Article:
A recent study conducted by the U.S. Center for Disease Control (CDC) underlines the importance of the communication between healthcare providers and patients in ensuring the use of HPV vaccinations as a preventive measure for cancer.

It appears that emphasis on the effectiveness apart from tonality, language and content plays a substantial role in influencing a parent’s decision.

Prevention as the key to incidence control

According to the National Cancer Society of Malaysia, cervical cancer is the third most common cancer among Malaysian women, a slight improvement over the years from being the second most common. In contrary, the Singapore Cancer Registry, charted cervical cancer as the tenth most common cancer in Singaporean women.

It remains as the single most preventable cancer which can be effectively treated if detected early. Specifically contributing to this edge is the identification of HPV types 16 and 18 which causes about 70% of the cervical cancer cases worldwide. To a lesser degree these group of viruses may also lead to other types of cancers, including vaginal, vulvar, penile, anal, and cancer of the throat.

Inconsistencies in gold standard guidelines cause confusion

Previous research by Teri L. Malo, a research associate at the Lineberger Comprehensive Cancer Center concluded that the practice of HPV vaccine recommendations was done inconsistently. Many patients fall behind schedule, with no adherence to national guidelines in terms of dosages.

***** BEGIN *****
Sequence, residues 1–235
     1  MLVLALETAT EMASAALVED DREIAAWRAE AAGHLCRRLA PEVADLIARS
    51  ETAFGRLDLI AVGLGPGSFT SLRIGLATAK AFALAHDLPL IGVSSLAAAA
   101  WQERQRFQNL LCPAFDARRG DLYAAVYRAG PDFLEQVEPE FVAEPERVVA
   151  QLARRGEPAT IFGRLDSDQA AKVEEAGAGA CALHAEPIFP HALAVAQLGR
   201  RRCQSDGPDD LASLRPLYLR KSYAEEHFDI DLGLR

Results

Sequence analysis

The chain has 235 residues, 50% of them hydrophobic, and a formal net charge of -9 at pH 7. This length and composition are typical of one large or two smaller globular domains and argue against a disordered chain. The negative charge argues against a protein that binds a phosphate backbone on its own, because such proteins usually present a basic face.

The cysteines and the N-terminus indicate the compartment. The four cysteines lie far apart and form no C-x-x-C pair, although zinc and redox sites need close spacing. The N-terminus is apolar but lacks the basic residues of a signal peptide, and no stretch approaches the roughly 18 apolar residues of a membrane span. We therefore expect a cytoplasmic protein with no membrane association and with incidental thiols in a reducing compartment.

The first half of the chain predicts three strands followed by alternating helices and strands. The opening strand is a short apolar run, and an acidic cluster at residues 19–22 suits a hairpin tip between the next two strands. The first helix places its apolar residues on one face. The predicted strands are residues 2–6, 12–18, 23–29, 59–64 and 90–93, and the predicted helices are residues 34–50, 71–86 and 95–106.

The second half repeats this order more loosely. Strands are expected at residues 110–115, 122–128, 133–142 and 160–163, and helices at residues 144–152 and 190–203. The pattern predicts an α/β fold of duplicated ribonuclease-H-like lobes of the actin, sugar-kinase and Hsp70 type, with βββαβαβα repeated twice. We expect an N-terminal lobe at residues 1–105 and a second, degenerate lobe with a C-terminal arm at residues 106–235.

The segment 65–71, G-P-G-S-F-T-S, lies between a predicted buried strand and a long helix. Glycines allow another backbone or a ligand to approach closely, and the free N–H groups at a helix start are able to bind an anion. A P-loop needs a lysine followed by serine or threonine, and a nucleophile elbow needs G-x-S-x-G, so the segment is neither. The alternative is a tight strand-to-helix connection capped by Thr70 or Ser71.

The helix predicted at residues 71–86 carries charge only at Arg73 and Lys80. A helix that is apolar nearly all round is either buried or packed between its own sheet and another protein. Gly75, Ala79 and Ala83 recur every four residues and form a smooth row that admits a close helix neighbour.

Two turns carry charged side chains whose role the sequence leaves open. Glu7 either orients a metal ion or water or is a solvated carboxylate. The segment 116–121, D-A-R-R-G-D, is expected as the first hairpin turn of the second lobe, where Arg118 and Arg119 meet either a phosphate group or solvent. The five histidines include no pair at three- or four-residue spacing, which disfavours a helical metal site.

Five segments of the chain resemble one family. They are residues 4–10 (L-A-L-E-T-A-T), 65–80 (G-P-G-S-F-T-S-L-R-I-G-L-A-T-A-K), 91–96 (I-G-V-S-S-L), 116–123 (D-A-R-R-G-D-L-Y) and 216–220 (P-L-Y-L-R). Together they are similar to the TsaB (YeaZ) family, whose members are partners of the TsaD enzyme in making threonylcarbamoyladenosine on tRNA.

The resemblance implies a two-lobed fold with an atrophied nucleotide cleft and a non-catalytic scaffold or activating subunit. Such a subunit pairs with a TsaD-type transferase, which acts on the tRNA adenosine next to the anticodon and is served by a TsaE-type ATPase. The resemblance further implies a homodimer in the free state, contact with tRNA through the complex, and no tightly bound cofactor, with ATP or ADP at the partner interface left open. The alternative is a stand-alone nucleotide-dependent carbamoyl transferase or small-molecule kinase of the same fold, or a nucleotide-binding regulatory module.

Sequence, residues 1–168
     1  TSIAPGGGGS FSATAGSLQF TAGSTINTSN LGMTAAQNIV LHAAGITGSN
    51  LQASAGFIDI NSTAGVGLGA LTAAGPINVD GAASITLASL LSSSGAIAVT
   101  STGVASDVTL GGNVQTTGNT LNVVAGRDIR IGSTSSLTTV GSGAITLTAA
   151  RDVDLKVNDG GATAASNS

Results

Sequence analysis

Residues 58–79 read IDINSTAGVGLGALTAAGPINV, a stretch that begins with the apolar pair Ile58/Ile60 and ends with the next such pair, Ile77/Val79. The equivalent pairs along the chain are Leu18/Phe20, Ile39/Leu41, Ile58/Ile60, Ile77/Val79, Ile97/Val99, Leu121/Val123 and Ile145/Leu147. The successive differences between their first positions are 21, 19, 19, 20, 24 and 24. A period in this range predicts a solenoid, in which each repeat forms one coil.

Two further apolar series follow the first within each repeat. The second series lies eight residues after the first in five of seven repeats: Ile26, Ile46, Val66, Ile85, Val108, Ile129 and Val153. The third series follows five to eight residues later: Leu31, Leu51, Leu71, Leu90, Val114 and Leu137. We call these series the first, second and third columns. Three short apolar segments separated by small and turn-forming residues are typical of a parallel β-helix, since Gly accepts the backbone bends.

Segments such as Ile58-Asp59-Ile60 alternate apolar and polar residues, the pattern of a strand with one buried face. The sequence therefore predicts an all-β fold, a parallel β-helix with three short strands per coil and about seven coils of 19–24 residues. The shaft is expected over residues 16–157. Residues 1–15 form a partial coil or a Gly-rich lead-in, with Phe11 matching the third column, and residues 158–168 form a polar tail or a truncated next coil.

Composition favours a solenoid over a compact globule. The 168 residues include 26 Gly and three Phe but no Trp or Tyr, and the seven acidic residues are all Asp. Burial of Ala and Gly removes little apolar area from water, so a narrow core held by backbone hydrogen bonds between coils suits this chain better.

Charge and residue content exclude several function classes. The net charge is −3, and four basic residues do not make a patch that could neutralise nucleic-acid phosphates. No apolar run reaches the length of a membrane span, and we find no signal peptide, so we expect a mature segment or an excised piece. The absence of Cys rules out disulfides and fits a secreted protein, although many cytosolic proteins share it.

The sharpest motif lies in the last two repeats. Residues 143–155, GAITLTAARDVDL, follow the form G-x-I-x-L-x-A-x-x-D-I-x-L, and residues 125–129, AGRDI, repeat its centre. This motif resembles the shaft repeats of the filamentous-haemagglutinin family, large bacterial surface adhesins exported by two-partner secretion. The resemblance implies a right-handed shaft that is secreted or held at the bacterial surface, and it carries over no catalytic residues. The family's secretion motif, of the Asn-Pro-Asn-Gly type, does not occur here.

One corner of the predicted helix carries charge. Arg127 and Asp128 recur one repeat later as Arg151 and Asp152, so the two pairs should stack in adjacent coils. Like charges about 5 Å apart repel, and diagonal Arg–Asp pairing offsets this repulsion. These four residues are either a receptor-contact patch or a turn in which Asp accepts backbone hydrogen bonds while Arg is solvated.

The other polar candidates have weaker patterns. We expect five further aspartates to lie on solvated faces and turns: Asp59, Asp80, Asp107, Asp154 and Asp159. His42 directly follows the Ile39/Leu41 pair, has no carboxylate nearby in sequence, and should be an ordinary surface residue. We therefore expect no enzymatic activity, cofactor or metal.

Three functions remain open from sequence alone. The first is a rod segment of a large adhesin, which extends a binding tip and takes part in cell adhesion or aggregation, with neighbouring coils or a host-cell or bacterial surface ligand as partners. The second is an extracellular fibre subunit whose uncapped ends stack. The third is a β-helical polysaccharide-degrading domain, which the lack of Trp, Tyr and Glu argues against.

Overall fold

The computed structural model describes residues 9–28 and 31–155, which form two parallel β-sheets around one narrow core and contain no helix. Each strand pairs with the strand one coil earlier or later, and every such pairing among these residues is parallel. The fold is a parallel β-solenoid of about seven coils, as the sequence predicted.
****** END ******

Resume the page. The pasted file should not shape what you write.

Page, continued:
Thus, it is not a surprise to find that many patients are actually under-immunised and unaware of the consequences to follow in a blind-leading-the-blind manner.

Should males get the HPV Vaccine too?

Contrary to popular belief that the HPV vaccine only protects girls, this vaccine protects boys against certain HPV-related cancers just as effectively. Given that HPV is common in both males and females, and each year over 9,000 males are affected by HPV related cancers of the anus, oropharynx and penis. It makes perfect sense for them to also be vaccinated.

Cases of anal cancer and cancers of the oropharyngeal tract are on the rise and should the current trend continue, it has been projected that the annual number of cancers of the oropharynx attributed to HPV will exceed the annual number of cervical cancers in a number of years.

All of such cancers caused by HPV infection which could be prevented by HPV vaccination in the male gender and subsequently reduce the spread of the infection and benefit both genders.

Language is the vehicle of thought

The study conducted showed that the most effective way to initiate a change of behavior on the other end is by incorporating the word Prevention of cancer, highlighting its efficacy as such. Given that the consequence of no abiding leads to the word cancer associated with much taboo, psychologically patients are more prone to act on this negative reinforcement model.

It is a succinct and enlightening message brought forth by this straightforward study which brings about the awareness of what constitutes as a powerful tool of communication. Effective communication requires a willing audience, with a subsequent impact in their lives, yet this often fails to happen. This lies simply in doctors not being able to identify with the expectations and needs of a patient and what drives them to comply.

A simple example would be, identifying with the patients’ needs and connecting with them at a more personal level by spelling out loud the name of their child and associating that with the efficacy of performing a simple procedure drives the most favourable action in this preventive measure. MIMS

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